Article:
The date range in the Assessment Summary indicates the start of the end of semester exam period and the date official end of semester results are released on ISIS. Please check the ANU final Examination Timetable http://www.anu.edu.au/students/program-administration/assessments-exams/examination-timetable to confirm the date, time and location exam.
Assessment Task 2
Learning Outcomes: 1,2
Computer Lab assignment (1 of 2)
There are two assignments related to each computer lab topic. The first assignment is on earthquake location using travel times of P and S waves. This assignment includes a computer program for the determination of the earthquake location.
Assessment Task 3
Learning Outcomes: 1,2
A combination of descriptive and problem tasks related to the lecture content.
Assessment Task 4
Learning Outcomes: 1,2
Students present selected research papers relevant to the course content. Each presentation is 15-20 minutes long. Students are assessed on their understanding of the content, oral presentations skills including the timing, participation in the discussion.
Assessment Task 5
Learning Outcomes: 1,2
Computer Lab assignment (2 of 2)
There are two assignments related to each computer lab topic. The second assignment is on seismic moment tensor inversion using full waveform modelling.
Assessment Task 6
Learning Outcomes: 1,2
Computer lab project Module 2
There will be a number of projects from which students can choose to work on 1 over the second half of the course. The final result will be a jupyter-notebook based written project with results from numerical models included. Credit will be given for contextualising the work and for the computer code.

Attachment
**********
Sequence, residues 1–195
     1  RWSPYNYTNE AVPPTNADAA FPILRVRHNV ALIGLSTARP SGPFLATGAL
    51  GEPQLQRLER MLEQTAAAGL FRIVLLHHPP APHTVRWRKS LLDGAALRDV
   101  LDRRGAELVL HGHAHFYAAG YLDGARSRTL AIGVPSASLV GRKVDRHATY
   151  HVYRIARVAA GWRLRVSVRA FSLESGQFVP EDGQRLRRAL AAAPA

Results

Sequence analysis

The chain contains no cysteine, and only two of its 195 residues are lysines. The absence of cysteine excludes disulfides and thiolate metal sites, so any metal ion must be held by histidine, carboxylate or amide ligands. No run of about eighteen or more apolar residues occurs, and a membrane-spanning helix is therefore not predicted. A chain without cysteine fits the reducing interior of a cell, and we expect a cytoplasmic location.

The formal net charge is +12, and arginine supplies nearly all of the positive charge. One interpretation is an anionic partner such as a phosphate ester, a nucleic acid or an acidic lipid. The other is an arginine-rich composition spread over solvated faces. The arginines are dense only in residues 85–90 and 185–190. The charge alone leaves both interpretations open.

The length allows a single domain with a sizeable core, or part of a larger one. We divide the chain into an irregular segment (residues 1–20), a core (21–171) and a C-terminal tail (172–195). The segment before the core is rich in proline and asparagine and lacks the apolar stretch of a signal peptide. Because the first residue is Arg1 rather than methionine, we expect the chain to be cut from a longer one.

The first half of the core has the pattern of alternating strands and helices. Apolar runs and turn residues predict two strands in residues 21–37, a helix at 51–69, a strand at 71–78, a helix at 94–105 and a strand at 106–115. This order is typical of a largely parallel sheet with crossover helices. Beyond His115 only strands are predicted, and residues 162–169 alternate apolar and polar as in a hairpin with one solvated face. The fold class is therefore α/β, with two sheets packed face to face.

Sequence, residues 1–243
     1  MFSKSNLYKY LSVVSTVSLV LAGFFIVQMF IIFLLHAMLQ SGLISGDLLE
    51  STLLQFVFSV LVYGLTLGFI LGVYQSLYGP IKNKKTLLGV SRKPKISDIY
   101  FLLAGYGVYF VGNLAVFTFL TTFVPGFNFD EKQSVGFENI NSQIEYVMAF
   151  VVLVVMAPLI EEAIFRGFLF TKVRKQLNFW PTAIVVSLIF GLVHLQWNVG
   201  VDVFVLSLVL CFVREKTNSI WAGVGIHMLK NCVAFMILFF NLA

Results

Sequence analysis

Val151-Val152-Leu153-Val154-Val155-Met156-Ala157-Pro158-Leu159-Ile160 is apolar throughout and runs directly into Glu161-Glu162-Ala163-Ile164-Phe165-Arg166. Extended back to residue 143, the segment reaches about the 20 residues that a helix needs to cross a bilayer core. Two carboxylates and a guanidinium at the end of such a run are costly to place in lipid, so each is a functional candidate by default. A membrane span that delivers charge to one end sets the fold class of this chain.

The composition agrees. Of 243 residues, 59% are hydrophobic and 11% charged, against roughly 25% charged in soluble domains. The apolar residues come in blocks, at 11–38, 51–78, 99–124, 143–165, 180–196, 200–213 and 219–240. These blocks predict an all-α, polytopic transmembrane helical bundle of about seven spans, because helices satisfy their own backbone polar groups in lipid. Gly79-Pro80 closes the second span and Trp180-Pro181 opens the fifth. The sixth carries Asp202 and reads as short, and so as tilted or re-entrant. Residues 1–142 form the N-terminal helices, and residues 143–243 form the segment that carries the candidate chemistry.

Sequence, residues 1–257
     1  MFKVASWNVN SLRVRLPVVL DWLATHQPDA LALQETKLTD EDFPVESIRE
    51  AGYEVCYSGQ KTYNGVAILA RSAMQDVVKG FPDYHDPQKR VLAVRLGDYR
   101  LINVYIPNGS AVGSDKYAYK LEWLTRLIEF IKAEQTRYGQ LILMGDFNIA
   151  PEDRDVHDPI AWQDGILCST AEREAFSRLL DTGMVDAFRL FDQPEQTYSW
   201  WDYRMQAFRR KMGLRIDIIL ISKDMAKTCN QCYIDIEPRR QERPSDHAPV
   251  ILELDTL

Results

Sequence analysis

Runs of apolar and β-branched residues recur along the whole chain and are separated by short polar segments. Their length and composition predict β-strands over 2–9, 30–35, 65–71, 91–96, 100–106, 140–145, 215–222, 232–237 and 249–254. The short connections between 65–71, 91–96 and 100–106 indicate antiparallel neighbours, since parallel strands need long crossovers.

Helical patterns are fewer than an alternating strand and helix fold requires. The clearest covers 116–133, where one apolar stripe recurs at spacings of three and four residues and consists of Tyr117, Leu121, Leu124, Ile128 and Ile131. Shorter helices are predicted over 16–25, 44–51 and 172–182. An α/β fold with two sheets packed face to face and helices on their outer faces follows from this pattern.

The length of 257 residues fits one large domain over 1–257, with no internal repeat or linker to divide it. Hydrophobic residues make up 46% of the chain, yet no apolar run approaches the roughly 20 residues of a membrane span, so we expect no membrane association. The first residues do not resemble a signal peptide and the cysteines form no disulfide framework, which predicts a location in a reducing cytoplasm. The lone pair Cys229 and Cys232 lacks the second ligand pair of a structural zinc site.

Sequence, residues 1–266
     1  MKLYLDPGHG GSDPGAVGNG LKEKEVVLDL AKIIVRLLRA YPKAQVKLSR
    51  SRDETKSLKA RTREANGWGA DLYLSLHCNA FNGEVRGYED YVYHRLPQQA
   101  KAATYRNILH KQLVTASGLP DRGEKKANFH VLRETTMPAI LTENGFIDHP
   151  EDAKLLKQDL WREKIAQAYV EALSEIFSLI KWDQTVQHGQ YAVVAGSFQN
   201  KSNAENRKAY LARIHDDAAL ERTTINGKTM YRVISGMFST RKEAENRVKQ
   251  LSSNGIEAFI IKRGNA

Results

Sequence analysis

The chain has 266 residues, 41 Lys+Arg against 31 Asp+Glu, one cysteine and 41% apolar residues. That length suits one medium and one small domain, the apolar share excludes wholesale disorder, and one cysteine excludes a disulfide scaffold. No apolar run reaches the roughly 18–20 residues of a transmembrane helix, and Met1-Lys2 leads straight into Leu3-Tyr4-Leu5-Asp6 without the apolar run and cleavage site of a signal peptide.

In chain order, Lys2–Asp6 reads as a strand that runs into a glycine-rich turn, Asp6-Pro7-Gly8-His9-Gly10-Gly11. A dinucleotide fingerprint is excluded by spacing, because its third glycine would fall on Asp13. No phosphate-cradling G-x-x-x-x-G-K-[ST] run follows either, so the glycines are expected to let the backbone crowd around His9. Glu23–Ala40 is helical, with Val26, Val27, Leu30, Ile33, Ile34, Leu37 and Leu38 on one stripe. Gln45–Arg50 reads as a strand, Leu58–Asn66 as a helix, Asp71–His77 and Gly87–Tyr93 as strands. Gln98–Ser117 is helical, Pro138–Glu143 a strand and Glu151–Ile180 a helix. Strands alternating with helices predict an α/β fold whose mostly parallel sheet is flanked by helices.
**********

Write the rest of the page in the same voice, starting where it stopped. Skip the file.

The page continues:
Assessment Task 7
Learning Outcomes: 1,2
Homework assessments, Module 2
Multiple short tasks arising from lecture and tutorial materials.
Students are expected to contribute on an on-going basis throughout the module. The date range for this task comprises the start of the module and the start of the exam period. Details will be available on the course Wattle site.
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- Late submission permitted. Late submission of assessment tasks without an extension are penalised at the rate of 5% of the possible marks available per working day or part thereof. Late submission of assessment tasks is not accepted after 10 working days after the due date, or on or after the date specified in the course outline for the return of the assessment item. Late submission is not accepted for take-home examinations.
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Structure and dynamics of the Earth's interior using observational seismology and advances in mathematical geophysics; the inner and outer core, the lowermost mantle, inner boundaries; characterisation of inhomogeneities and anisotropy in Earth; new approaches in lithospheric imaging. - physics of seismic sources; full moment tensor representation of non-double-couple sources. - improving global coverage of seismic data by deployments in remote regions of Earth.
Prof Hrvoje Tkalcic
Prof Hrvoje Tkalcic
Prof Louis-Noel Moresi